Passengers in Raleigh, North Carolina, and nearby towns may have no choice but to use a ride sharing service tonight, because more than half of the cab drivers in the area have reportedly decided to go on strike. Reports WRAL.com:
Iyman Massoud, a cab driver who says he represents a group of about 650 local taxi drivers, says they are protesting that Uber drivers are not subject to the same licensing, registration and insurance fees as taxi cab drivers. This allows Uber drivers to charge less, creating what Massoud says is unfair competition….
"People are just suffering," said Elmutaz Adloa, a cab driver. "They cannot make a living out of this industry."
Uber is, of course, the top ride sharing service, which allow customers to use smartphone apps to summon drivers in their personal cars to take them to their destinations. The company also lets prospective drivers, after undergoing background checks and a checklist of other precautions, earn money ferrying customers around while retaining control over the hours and conditions under which they work.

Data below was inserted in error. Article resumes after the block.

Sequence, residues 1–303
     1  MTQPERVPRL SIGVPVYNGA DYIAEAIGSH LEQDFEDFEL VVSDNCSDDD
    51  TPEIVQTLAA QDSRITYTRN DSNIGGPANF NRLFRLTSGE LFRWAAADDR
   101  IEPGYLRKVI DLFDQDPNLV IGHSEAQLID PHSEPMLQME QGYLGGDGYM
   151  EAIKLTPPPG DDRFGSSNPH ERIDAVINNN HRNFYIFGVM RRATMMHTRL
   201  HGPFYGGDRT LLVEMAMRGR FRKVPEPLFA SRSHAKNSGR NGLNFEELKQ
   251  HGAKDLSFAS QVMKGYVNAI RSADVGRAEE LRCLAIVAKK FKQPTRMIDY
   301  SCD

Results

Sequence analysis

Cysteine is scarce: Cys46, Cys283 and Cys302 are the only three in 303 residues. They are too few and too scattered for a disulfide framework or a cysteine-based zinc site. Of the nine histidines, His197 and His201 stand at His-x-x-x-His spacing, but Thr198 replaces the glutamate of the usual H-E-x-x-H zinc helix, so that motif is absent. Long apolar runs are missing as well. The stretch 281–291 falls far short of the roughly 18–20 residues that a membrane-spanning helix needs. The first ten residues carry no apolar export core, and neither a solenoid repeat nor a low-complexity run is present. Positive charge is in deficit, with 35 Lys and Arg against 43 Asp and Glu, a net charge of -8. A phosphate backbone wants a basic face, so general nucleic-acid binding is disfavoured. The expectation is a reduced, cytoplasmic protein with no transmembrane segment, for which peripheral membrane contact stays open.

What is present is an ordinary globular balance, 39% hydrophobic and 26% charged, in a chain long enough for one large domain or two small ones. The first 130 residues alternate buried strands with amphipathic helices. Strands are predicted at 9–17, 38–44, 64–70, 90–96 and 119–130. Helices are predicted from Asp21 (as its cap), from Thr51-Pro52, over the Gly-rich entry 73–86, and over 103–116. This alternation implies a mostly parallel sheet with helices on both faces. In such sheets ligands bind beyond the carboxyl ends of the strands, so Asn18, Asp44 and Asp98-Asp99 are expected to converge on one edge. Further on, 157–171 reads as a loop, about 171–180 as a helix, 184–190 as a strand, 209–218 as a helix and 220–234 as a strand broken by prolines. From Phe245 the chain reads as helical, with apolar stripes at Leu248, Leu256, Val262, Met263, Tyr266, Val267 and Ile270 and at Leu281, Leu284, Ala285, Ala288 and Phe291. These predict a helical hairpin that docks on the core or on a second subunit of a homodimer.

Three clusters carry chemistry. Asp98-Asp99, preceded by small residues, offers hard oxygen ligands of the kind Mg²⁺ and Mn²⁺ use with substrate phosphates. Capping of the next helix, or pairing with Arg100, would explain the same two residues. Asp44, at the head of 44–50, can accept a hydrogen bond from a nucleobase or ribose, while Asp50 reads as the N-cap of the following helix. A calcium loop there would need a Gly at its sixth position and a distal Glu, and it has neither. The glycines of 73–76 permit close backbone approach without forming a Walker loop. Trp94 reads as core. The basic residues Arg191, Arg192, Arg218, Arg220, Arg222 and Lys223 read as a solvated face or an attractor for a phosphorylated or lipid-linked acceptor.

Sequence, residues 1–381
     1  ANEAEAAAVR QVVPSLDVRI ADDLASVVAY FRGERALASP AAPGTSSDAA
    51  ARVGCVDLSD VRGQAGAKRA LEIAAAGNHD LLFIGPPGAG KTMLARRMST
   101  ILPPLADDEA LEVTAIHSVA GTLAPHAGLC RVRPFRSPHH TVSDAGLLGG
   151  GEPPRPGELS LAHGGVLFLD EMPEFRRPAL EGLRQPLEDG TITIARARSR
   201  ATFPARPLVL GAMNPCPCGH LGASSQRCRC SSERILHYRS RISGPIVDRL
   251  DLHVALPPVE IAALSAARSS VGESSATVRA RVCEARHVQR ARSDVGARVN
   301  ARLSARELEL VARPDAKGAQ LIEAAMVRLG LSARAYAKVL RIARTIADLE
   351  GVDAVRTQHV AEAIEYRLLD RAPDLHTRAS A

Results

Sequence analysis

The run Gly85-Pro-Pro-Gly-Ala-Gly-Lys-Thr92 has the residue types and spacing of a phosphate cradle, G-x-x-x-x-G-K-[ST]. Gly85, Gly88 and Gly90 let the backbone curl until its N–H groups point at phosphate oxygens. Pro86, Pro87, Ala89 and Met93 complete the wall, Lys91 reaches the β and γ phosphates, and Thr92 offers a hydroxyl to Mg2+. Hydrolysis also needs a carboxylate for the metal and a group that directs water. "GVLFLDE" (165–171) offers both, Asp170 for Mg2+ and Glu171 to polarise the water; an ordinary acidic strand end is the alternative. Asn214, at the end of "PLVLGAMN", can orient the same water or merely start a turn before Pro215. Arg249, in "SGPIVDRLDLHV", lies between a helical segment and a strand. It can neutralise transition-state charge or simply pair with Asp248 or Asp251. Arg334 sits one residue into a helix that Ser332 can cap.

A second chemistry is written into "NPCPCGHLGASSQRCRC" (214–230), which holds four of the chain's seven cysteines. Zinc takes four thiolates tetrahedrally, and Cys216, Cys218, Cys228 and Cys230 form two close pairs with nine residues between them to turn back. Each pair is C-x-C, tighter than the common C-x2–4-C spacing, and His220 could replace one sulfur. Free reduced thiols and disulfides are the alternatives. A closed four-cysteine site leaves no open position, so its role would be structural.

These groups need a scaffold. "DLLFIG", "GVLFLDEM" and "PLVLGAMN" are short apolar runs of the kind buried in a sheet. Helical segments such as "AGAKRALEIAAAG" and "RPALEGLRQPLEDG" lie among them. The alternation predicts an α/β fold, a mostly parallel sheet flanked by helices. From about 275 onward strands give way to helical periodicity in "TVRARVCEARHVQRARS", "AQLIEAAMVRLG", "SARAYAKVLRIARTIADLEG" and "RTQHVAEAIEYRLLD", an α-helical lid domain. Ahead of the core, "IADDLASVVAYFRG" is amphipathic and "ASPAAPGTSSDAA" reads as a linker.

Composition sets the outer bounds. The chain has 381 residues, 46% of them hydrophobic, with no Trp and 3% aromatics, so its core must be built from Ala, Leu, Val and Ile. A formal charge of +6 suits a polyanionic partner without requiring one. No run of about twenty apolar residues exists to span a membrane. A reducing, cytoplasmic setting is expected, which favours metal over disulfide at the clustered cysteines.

Labor activists have long used work stoppages to pressure employers and government officials to agree to their demands. It would seem, however, that the tactic would be most effective when the workers are close to irreplaceable—not as a method of protesting a competitor that has already shown itself to be a superior alternative to the service offered by the striking workers.
This doesn't mean that no Raleigh customers will be inconvenienced tonight. To try to meet the increased demand for rides on New Year's Eve (and the leftover demand for rides from people who can no longer find a taxi) Uber will need to entice more of its drivers onto the roads. The company has a built-in mechanism for doing just that, but it involves "surge pricing," or hiking prices on busy nights, a practice that has earned Uber the ire of some passengers. The article explains:
While ride-sharing companies usually charge less than taxis, Uber came under fire in the Triangle for a price surge on Halloween, including charging one man more than $400 for a 15-mile trip from Durham to Chapel Hill.
Will people sour on Uber after experiencing dramatically increased prices tonight? Or will they lay the fault on traditional cab drivers, who almost literally had one job, and who are choosing not to offer any rides at any price?